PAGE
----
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The Equestrian Statue of George I

Stowe: The Course and North Front



The Equestrian Statue of George I This garden monument is the oldest surviving one at Stowe, though like many others it has been moved from its original, though equally prominent, position farther to the north at the point where the central axis of the House meets the axis of the Oxford Avenue. The North Front area looked much different in the 1720s, when the entire garden was more formal. Between the House and Statue was a long canal, and on both sides of this were formal plantations of trees, rank upon rank, intended to remind the visitor of troops of soldiers.

It should not be surprising that Viscount Cobham would have raised a monument to George I because it was largely due to that king's favor that he was able to develop his estate. Cobham made no secret of his political views -- he was an ardent Whig, whose party was devoted to defending what they saw as English liberty or, in other words, to keeping in check the power of the monarchy and maintaining the Protestant succession to the throne. (The Tory party, adversaries to the Whigs, supported the Stuart dynasty, which was tainted by the Roman Catholicism of its heirs to the throne). The House of Hanover, which came to power in 1714 with George I, was German, and was content for the most part to let Parliament rule Great Britain.

As John Robinson points out, Cobham was the beneficiary of a number of the King's favors: "he was appointed Colonel of the Royal Dragoons, created Baron Cobham and sent as Ambassador Extraordinary to the Emperor Charles VI in Vienna to announce the new king's accession. . . . In 1718 he became Viscount Cobham, and the following year saw the high point of his military career when he was appointed commander of the highly successful punitive expedition against Vigo in Spain. . . . He was [later] created Constable of Windsor Castle, Governor of Jersey, a Privy Councillor, Colonel of the First Dragoons, and was afterwards to become a Field Marshall (in 1742) and Colonel of the Horse Guards."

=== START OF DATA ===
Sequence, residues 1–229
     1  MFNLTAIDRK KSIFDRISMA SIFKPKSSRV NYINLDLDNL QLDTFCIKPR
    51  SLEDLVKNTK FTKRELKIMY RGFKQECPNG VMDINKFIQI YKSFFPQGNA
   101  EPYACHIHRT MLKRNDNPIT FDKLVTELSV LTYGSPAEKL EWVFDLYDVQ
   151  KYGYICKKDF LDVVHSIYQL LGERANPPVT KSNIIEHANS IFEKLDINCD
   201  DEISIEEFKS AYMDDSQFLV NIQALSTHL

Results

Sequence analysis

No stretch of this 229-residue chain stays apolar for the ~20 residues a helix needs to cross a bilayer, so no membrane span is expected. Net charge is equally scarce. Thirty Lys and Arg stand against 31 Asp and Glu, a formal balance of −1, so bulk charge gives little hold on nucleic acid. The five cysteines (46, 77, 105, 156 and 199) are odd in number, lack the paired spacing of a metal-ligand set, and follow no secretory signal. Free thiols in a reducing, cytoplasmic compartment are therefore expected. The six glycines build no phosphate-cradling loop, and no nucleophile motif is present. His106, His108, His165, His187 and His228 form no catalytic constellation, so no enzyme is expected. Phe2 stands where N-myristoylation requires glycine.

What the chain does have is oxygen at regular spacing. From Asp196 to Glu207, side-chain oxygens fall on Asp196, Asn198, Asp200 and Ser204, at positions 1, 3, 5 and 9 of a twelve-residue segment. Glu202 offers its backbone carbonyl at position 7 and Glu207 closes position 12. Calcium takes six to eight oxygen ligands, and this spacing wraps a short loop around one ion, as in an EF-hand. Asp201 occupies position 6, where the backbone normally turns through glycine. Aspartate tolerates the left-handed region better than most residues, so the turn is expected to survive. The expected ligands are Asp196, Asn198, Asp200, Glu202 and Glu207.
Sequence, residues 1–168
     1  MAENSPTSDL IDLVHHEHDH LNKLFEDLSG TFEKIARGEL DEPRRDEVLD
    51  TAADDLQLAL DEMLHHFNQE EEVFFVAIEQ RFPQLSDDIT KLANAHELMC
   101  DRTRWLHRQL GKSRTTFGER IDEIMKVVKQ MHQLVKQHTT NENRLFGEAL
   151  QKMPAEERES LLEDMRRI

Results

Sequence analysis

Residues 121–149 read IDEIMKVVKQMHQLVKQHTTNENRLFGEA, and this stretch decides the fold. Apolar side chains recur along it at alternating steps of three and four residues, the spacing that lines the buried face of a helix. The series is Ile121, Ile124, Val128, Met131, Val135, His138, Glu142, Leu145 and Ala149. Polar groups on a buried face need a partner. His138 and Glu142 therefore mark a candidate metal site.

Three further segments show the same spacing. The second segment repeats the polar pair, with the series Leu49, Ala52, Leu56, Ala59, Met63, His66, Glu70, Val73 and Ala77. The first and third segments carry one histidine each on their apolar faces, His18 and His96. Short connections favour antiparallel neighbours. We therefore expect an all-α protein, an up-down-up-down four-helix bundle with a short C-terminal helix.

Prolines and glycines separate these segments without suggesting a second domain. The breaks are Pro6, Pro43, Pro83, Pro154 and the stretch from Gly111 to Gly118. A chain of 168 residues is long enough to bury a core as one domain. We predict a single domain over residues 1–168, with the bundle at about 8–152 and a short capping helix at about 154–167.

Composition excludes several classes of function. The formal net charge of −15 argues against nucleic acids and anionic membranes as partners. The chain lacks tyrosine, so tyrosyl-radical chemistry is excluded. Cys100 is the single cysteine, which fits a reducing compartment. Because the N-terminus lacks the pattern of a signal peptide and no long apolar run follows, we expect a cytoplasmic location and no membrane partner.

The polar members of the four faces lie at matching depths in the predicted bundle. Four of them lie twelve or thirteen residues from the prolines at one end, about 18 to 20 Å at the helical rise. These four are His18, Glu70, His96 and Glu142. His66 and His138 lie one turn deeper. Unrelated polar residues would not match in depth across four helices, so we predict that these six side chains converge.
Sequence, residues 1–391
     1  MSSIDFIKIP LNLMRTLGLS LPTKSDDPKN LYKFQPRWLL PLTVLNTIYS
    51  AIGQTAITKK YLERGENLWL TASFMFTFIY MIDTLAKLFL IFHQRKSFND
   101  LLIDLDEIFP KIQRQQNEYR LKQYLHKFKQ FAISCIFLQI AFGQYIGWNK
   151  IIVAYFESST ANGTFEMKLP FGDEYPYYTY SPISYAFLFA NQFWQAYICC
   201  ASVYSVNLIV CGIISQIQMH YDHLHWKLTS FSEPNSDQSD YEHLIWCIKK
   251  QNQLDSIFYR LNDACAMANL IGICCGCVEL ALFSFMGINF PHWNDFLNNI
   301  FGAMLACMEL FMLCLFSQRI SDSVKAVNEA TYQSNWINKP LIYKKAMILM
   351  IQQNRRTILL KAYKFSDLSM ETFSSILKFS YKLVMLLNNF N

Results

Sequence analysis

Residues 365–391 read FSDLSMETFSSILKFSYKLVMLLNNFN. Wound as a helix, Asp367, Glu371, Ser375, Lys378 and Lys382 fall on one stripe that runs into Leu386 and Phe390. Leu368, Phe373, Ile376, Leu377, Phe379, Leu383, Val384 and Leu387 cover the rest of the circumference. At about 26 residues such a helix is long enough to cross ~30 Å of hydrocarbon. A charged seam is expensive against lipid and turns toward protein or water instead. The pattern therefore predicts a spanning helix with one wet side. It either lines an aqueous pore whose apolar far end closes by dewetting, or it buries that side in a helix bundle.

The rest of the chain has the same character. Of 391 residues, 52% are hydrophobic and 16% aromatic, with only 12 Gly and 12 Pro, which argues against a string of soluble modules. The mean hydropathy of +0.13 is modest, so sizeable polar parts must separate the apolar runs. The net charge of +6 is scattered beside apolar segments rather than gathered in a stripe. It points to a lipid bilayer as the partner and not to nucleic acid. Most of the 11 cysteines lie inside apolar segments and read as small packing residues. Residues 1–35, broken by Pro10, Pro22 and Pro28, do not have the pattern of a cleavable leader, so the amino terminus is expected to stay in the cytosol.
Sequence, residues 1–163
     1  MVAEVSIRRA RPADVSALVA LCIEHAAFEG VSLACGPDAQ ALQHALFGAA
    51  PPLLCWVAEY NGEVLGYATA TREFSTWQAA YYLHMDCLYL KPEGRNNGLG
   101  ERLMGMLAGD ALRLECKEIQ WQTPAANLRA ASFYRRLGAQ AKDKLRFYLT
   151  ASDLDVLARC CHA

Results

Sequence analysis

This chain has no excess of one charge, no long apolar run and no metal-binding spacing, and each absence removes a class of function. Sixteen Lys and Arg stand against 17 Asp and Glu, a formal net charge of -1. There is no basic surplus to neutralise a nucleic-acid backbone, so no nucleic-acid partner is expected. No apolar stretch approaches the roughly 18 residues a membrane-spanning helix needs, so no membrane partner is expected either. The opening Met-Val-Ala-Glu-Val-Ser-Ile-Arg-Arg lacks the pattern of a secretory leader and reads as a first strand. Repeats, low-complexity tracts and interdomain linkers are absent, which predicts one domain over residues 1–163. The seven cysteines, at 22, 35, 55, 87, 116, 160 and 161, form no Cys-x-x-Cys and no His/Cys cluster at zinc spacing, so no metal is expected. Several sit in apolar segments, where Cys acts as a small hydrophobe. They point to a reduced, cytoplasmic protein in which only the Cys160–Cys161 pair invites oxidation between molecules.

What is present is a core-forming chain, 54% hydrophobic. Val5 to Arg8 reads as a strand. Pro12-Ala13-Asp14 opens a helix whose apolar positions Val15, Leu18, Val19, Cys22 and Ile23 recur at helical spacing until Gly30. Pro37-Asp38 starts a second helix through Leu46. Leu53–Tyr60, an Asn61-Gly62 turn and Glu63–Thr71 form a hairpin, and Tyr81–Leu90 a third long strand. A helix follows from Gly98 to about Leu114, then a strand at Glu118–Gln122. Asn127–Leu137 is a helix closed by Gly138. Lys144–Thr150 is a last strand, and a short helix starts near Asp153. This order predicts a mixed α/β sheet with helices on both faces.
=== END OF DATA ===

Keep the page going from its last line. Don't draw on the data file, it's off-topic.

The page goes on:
Cobham's tribute to his generous benefactor is a statue in lead of the King on horseback in Roman armor. The model for the statue is that of Marcus Aurelius on the Capitol in Rome. The monument originally bore the following inscription from Virgil:

In medio mihi Cæsar erit,
Et viridi in Campo Signum de Marmore ponam
Propter Aquam.

Imperial Cæsar shall the Center grace;
A Marble statue to my Prince I'll place
Near the clear Water, on the verdant Grass.

Two things should be noted about the inscription. When the North Front was modified, the canal filled in and the statue moved closer to the House, the final line (which mentions water) was deleted. In addition, as Richard Wheeler of the National Trust pointed out to me, the two lines of the inscription do not follow one another in the original poem (Georgics, Book III). Instead of a statue, Virgil says he will raise a temple, and that Caesar will have his shrine in the middle of the temple. Anyone knowing the poem would have caught the pun on Lord Cobham's family name and the implication that the Temple is larger than the Caesar who inhabits it. This innuendo is entirely in keeping with the attitude of the Whig Patriots who, as suggested above, wished the monarchy to be subservient to Parliament.

A close-up view of the Statue of George I

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John D. Tatter, Birmingham-Southern College, jtatter@bsc.edu